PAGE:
• 133 million women and girls have undergone genital mutilation in the 29 countries in Africa and the Middle East where this practice is more common.
  • Women only hold 22% of the parliamentary seats around the world.
  • Worldwide, three out of four men of working age (15 years or older) are part of the working population, compared to 50% in the case of women.
  • On average and globally, women’s salaries are 24% lower than men’s.
  • If remunerated and non-remunerated work is combined, in nearly all the countries in the world women work more hours a day than men.
  • In more than 60 countries women are denied the right to acquire, change or keep their nationality.
  • In Sierra Leone, a woman is 100 times more likely to die in childbirth than a woman in Canada.

Women’s potential and women in OpenMind

Laws are the basis and necessary condition for demanding and realizing gender equality. However, in practice, and particularly in the case of the poorest women or those in a situation of marginalization, there are barriers beyond the laws, such as social norms, cultural traditions or discriminatory stereotypes.

Moreover, it makes sense for all the organizations in each country to make full use of women’s talent. “Accelerating women’s progress in their workplace and setting up gender-balanced teams leads to better results and creates prosperity”, according to the consultancy firm EY.

Women are therefore a value on the rise in our society and in future ones, and this is why we at OpenMind also want to reserve them a special place, to contribute as far as possible to boosting their visibility and proving that, despite the overwhelming figures, there are women in many areas of culture, science and research who through their work not only promote the advancement of their discipline, but also improve the visibility of a gender that until now has wrongly been termed as “weak” but which in our community has displayed great strength.

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Collage with the image of all the female authors who are part of the OpenMind community

Community of OpenMind female authors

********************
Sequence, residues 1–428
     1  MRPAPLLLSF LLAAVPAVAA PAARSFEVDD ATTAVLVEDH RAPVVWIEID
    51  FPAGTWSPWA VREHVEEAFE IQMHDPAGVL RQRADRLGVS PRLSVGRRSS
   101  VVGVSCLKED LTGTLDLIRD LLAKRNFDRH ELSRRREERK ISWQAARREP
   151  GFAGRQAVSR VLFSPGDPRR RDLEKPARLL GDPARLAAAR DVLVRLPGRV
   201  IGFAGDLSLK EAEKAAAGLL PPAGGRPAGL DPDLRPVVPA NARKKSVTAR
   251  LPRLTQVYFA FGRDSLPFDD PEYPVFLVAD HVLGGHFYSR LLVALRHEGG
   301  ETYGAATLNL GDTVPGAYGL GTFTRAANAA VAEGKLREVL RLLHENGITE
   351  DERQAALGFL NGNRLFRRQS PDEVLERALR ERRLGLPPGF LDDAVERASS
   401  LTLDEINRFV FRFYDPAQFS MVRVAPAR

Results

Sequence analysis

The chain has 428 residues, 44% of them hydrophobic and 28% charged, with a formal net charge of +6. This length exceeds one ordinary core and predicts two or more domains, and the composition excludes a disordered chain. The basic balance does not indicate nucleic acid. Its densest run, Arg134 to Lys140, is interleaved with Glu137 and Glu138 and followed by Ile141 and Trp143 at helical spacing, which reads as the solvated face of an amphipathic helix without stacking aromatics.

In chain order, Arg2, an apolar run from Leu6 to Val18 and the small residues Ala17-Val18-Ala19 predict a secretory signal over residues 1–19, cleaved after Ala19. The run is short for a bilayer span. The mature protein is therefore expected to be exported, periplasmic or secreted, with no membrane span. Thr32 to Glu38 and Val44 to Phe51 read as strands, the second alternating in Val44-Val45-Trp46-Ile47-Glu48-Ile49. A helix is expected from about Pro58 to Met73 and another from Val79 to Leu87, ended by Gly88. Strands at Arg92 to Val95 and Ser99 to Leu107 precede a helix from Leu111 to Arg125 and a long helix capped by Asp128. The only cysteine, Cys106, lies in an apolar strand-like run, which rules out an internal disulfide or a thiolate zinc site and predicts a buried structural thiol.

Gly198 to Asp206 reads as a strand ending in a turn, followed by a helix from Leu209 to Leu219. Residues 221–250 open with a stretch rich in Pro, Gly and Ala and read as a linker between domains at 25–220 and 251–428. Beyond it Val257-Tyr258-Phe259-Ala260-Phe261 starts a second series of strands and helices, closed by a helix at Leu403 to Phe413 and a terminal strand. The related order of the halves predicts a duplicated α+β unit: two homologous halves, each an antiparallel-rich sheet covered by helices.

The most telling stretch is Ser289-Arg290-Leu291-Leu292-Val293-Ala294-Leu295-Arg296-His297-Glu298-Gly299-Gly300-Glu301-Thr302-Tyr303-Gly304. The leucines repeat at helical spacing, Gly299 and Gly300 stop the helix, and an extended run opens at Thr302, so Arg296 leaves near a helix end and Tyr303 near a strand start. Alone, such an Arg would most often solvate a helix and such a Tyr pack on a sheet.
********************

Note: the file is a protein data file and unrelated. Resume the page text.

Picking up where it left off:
OpenMind’s female authors have addressed in several articles different perspectives on gender issues: within diversity (Celia de Anca), in the world of business (Mollie Painter-Morland or Carol Adams) and as regards the shift of power in gender relations (Alison Maitland). But not only our female authors talk “about them”. At OpenMind we also have great names in fields as diverse as technology (Janet Abbate), consumer trends (Anne Lise Kjaer) or education (Jennifer M. Gidley). There is also a place for our female authors in the world of architecture (Melanie Fessel) and sustainability (Saskia Sassen), future trends (Beatriz Lara) or the economy (Clara Barrabés and Carola Moreno) and innovation in organizations (Alice Lam and Sally Wright). In the field of ethics we find names such as Mary Warnock, Kristin Shrader-Frechette or Angelika Schnieke. And more recently, with the latest book of the OpenMind series, several female authors have been incorporated who address different perspectives on European politics, like Vivien Ann Schmidt, Nieves Pérez-Solórzano or Julia Kristeva.

And to conclude and to reflect on what has been said about women, their remaining challenges, their many achievements and those who have taken part in the OpenMind books, a quote by Ban Ki-moon, United Nations Secretary General, referring to Malala Yousafzai, the winner of the Nobel Peace Prize in 2014:

“The acts filled with hatred of the extremists show what frightens them most: a girl with a book.”

Dory Gascueña para OpenMind

@dorygascu